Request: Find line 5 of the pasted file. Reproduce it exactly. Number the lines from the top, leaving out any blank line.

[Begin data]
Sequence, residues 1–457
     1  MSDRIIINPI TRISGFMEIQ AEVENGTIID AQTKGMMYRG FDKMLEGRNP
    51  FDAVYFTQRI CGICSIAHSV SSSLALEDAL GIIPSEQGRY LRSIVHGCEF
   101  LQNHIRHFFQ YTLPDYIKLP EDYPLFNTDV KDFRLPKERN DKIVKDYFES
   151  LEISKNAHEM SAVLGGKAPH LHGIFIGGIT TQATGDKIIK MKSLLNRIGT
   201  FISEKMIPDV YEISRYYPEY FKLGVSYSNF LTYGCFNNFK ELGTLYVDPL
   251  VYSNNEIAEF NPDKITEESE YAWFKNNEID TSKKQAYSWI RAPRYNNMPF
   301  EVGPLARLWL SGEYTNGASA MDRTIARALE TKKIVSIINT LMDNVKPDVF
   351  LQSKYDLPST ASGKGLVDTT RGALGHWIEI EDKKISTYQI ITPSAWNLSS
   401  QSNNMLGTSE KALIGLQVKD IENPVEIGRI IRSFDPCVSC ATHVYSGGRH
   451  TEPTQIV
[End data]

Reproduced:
   151  LEISKNAHEM SAVLGGKAPH LHGIFIGGIT TQATGDKIIK MKSLLNRIGT